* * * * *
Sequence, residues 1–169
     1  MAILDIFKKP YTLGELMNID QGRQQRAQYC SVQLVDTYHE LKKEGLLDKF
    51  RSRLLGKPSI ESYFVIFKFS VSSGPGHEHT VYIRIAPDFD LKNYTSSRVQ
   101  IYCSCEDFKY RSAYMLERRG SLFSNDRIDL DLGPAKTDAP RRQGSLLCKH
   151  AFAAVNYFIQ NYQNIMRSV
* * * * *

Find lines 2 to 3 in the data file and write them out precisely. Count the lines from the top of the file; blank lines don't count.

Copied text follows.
     1  MAILDIFKKP YTLGELMNID QGRQQRAQYC SVQLVDTYHE LKKEGLLDKF
    51  RSRLLGKPSI ESYFVIFKFS VSSGPGHEHT VYIRIAPDFD LKNYTSSRVQ